According to the study, which assessed the EAT-Lancet diet and Alternate Health Eating Index-2010 in more than 2000 patients, dietary pattern has a distinct association with different stroke subtypes.
Data from a recent study show that adherence to 2 diets, the primarily plant-based EAT-Lancet diet and the Alternate Health Eating Index-2010 (AHEI), in midlife were associated with lower risk of stroke and subtypes of stroke.
A total of 55,016 participants were included from the Danish Diet, Cancer, and Health cohort, all of whom were between the age of 50-64 years at baseline (1993-1997). Within the cohort, stroke cases (n = 2253) were identified using a national registry and validated by a medical record review.
The AHEI was associated with a lower risk of overall stroke (HR, 0.75; 95% CI, 0.64-0.87) and while not statistically significant, the EAT-Lancet diet was also associated with lower risk of stroke (HR, 0.91; 95% CI, 0.76-1.09). When evaluating stroke subtypes, investigators found that EAT-Lancet diet adherence was associated with a lower risk of subarachnoid hemorrhage (HR, 0.30; 95% CI, 0.12-0.73), while the AHEI was associated with a lower risk of ischemic stroke (HR, 0.76; 95% CI, 0.64-0.90) and intracerebral hemorrhage (HR, 0.58; 95% CI, 0.36-0.93).
Investigators, led by Daniel B. Ibsen, PhD, MSc, Department of Public Health, Aarhus University, in Denmark, found that participants who were younger, women, physically active, had longer education, and had lower BMI and waist circumference had greatest adherence to the EAT-Lancet score (11-14 points), compared with those who had lowest levels of adherence (0-7 points). Those with higher adherence were also more likely to have a history of hypertension or hypercholesterolemia. Greater adherence to the AHEI was also more likely in those with the greatest adherence to the EAT-Lancet diet. Thirteen participants of the 2253 who developed stroke over the follow-up period (median, 15 years) had an unknown cause of stroke that were then not included in analyses.
Sensitivity analyses had similar patterns when removing patients with a history of diabetes or myocardial infarction ahead of the study start. The absolute risk difference of total stroke compared greatest and poorest adherence to the EAT-Lancet diet was lower in men than women, among those with a BMI lower than 25 kg/m2 than those with a BMI of 25 kg/m2, and those younger than 57 years at baseline, when compared with those that were 57 years or older.
The cohort originally included 57,053 participants, with patients excluded in the event of previous cancer diagnosis (n = 585), previous stroke diagnosis (n = 582), or missing information in covariates (n = 870). Participants completed a 192-item food frequency questionnaire (FFQ) designed for the Danish population included in the study, primarily posing questions about intake of grains, potatoes, vegetables, fruits, dairy, meat, and snacks. Questions inquired about eating habits for the past 12 months and were scored based on adherence to both the EAT-Lancet diet and the AHEI.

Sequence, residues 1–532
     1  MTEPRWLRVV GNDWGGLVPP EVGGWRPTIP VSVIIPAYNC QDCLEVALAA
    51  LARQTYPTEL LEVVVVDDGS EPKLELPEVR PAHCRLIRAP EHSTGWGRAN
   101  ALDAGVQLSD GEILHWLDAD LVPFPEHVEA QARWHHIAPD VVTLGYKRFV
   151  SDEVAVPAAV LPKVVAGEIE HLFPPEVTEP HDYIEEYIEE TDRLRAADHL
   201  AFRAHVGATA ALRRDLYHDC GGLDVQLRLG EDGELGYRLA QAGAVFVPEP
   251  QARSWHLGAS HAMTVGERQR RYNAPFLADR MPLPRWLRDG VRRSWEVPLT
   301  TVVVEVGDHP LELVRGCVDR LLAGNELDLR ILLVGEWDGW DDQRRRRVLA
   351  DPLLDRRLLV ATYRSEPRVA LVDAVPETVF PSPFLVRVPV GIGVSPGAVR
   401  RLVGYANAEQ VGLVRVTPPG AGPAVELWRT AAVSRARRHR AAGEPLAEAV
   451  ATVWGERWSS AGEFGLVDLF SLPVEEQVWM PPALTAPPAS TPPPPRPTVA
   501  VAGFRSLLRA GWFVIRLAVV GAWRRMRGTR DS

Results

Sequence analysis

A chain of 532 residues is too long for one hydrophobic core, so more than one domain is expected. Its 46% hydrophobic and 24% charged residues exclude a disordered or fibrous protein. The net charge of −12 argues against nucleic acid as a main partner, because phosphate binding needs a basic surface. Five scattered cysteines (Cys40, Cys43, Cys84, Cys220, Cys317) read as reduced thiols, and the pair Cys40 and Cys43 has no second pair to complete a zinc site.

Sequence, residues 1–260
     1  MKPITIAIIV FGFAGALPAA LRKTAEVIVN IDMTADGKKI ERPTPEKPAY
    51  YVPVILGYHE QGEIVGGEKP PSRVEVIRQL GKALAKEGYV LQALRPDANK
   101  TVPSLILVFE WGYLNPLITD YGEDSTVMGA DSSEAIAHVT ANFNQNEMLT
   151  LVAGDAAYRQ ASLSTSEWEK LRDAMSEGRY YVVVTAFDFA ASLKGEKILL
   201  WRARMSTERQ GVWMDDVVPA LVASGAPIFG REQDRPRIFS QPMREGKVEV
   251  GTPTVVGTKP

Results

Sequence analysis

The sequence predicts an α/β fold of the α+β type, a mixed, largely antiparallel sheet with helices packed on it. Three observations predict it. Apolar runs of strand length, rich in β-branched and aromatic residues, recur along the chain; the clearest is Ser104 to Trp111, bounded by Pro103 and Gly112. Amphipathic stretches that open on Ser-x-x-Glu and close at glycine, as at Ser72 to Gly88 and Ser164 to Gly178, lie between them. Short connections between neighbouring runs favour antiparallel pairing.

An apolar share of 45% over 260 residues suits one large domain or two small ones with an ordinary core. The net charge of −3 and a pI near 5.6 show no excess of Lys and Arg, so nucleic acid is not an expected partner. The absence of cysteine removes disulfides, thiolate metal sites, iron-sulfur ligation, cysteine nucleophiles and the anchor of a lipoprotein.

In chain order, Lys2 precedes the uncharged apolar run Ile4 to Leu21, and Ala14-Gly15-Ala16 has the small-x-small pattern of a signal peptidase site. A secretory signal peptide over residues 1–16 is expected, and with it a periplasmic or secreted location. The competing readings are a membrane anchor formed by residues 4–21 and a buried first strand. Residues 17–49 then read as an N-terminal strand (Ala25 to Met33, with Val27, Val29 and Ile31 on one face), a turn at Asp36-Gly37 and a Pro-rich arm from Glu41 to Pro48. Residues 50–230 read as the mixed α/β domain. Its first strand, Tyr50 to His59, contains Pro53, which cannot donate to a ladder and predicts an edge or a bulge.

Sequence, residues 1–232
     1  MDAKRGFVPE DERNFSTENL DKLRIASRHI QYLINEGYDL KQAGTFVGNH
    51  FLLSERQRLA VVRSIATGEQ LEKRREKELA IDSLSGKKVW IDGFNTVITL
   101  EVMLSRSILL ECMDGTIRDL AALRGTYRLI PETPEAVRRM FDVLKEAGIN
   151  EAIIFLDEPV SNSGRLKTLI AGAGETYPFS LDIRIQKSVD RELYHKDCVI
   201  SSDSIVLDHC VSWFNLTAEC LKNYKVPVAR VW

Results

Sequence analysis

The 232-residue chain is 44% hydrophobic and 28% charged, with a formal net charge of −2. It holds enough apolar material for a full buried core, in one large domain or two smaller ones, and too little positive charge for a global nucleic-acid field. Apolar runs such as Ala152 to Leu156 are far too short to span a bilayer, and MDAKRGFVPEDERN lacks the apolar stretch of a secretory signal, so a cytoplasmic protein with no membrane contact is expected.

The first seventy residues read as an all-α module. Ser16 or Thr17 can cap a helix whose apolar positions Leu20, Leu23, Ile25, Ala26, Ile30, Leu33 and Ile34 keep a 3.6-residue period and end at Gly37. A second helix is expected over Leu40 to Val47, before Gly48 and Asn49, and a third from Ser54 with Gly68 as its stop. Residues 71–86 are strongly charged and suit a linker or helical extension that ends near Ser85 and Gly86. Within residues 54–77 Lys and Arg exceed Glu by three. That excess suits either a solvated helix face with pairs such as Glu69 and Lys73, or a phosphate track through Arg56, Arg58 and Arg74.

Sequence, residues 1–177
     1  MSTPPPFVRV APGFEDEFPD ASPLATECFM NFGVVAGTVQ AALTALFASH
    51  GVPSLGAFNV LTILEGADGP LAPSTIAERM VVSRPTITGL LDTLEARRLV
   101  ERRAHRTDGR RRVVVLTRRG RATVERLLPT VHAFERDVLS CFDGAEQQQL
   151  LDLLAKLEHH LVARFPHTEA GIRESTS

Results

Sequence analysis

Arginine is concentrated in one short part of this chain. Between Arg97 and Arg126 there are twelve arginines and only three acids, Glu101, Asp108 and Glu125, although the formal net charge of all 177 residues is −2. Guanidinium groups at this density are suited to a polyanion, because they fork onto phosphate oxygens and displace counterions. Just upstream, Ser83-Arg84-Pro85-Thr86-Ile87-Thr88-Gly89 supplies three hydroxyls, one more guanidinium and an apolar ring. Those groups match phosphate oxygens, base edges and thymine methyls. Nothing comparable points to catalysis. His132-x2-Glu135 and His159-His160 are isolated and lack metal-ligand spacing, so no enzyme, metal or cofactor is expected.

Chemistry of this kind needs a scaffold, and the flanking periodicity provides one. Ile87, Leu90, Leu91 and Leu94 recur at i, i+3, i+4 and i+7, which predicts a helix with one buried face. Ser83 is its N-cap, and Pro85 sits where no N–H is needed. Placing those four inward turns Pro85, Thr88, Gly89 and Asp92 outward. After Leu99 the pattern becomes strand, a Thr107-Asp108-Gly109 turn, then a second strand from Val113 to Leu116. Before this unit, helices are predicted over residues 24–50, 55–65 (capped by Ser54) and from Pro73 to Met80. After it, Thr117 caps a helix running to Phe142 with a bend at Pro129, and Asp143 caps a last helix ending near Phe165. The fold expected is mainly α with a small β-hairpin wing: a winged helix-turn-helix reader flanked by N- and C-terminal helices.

After completing the FFQ, patients visited 1 of 2 study centers, then completing a lifestyle questionnaire and underwent a physical examination. In total, only 0.4% of participants (n = 212) were lost to follow-up.
“One of the strengths of this study is that it used register-identified stroke cases that were subsequently validated and subtyped using medical records,” Ibsen et al wrote. “The distribution of stroke subtypes was representative of typical Western populations with 83% ischemic strokes, 12% intracerebral hemorrhages, and 5% subarachnoid hemorrhages. Only 13 cases were not classified according to the stroke subtype.”
The study was limited as investigators have not updated case ascertainment since 2009 due to its intensive validation process, potentially lacking power to detect weaker associations in certain stroke subtypes. Also noted was the risk for misclassification with the FFQ and the use of only 1 measure of dietary intake, as participants could have changed their diet in the long-term. Future research should evaluate the potential differential role of changes in dietary patterns, as well at the long-term health consequences of moving from a meat-based to a plant-based diet.